Hughes: Every semester, I learn something new, and that’s just an obvious thing when you're a teacher. I'm excited to see how the individual students come together and create this new sense of community within the classroom. Every time different voices come together, something new and exciting can happen. That happens every semester, so it depends on who's in the class and what we're learning. Outcomes are going to be different every time, so I'm really excited about facilitating the space where community and art making is the intention of the class and talking about resilience—not as how you individually are responsible for your own resilience, how dare you be tired right now or burnt out. Instead, it’s looking at resilience in a different way and thinking about how we can build up each other, like how we can as individuals but then also as individuals standing together to create something better, together.
It's the same ideas as emergence, one of the themes that we're covering this class, where complex systems come together by relatively simple interactions. That's what a classroom is. We have all these individual people, we come together, the conversations that are had are only going to be had in that class because of the specific people. I'm really excited about that aspect and just seeing the conversations that are had, how people interact with each other, and how people respond to the readings and assignments. That's why I love teaching art because there is no formula. Yes, we have elements and principles of design and the way composition works, but because we're all individual humans with different brains, we change it every single time.
Are there any assignments that you're particularly excited about?
Hughes: One of the assignments is going to be this protest poster remix assignment. We're going to be looking at protest posters that are currently relevant or from history, doing research on them, and then using that as the impetus to reflect on what is happening in our own communities and what we want to see changing.
It’s based off Octavia Butler and Parable of the Sower. The first lines of that book are “All that you touch you change. All that you change changes you. The only lasting truth is change. God is change.” It’s this idea that change is constant, but we have the capacity to shape change, so what can we do to shape change? That's the question that is leading this project.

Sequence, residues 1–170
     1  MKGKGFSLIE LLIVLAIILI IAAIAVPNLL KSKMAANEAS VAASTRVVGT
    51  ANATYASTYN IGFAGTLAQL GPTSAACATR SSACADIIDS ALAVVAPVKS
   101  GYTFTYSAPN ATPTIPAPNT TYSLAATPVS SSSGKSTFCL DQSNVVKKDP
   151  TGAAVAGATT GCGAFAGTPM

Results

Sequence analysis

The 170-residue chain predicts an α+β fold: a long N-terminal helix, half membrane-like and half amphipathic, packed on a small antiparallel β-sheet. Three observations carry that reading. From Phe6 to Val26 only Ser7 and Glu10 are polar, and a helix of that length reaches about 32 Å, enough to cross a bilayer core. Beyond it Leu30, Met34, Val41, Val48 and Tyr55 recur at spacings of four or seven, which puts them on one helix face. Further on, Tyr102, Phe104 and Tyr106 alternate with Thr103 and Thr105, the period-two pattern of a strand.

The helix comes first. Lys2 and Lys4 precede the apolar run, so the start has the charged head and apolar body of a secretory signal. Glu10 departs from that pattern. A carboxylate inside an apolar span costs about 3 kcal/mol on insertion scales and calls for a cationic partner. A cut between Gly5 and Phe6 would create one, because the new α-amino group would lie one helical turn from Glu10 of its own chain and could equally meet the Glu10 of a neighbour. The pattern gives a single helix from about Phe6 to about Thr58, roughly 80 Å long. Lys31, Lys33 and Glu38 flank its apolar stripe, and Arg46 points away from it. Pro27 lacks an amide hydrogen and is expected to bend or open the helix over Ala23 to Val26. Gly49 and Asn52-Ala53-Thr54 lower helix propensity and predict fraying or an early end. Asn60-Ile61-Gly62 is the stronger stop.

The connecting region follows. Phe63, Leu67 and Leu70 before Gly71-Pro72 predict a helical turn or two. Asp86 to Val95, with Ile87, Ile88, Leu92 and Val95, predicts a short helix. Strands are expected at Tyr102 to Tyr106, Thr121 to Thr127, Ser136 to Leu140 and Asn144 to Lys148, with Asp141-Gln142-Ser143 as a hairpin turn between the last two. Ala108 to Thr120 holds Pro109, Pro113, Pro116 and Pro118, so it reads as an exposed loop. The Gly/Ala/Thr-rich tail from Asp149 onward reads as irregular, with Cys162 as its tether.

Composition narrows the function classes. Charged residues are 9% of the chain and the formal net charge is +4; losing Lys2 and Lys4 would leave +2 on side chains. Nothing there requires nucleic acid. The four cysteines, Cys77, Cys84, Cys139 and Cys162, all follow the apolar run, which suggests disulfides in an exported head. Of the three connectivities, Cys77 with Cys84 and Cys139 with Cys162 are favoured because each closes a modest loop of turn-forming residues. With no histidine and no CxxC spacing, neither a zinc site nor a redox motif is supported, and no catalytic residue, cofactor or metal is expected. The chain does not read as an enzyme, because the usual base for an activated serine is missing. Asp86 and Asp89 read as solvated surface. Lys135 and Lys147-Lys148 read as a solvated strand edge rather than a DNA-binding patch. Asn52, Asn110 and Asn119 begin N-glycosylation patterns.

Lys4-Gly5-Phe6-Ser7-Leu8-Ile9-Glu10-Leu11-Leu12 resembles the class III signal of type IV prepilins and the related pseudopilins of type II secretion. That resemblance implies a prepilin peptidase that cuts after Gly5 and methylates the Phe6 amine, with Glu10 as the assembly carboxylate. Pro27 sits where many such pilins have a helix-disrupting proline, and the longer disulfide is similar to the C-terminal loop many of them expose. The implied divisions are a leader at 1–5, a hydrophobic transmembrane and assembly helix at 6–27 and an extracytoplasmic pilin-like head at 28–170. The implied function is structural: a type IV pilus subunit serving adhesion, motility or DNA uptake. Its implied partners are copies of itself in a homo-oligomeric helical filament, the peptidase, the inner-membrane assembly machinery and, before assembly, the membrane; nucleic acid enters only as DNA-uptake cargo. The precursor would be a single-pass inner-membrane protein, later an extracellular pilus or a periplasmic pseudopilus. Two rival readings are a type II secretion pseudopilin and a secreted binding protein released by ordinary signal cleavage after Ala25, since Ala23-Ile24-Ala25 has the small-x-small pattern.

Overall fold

We’re looking at the past of people coming together and using their words and imagery to say something and demand something. That's how movements are built. It's not just this thing that happens overnight. It's a long process of intentionality. We're going to be looking at historical posters and current posters, making our own poster designs, and using extensively methods to do that. Then we're going to be making scenes that go along with that and steps on how to enact this change in their communities.
I was talking to my friend Jackie Flemming, a Visual Literacy and Resources Librarian here at IU Bloomington, and she told me that they have this amazing zine collection in the library, so I think we're going to try to incorporate the amazing resources that the library has, see all the things that people make and have, and then make our own.
What type of students would you encourage to take this course?
Hughes: This class is a studio for nonmajor class, and I love teaching this class because I get students from all across different schools, different majors. The students I hope sign up for this class are ones that are really interested in how to communicate through art.
You don’t have to have any technical skills or any history in art, just come with curiosity—a curiosity of how you communicate through art or the curiosity of how to approach art making itself—and a willingness to be able to collaborate, to be vulnerable, to participate, and to bring your full self to the class.
A lot of times you can't make good art if you're not honest—you have to put yourself in it fully. I try to lay that groundwork at the beginning of all semesters like I will show up as myself, I will be vulnerable, too, so please come as yourself. Be curious, be willing to share, willing to collaborate, to fail, and to know that there’s no such thing as perfection.
Failure is part of learning. I’ve tried to set up like my rubrics to encourage pushing yourself and not just looking at the point value.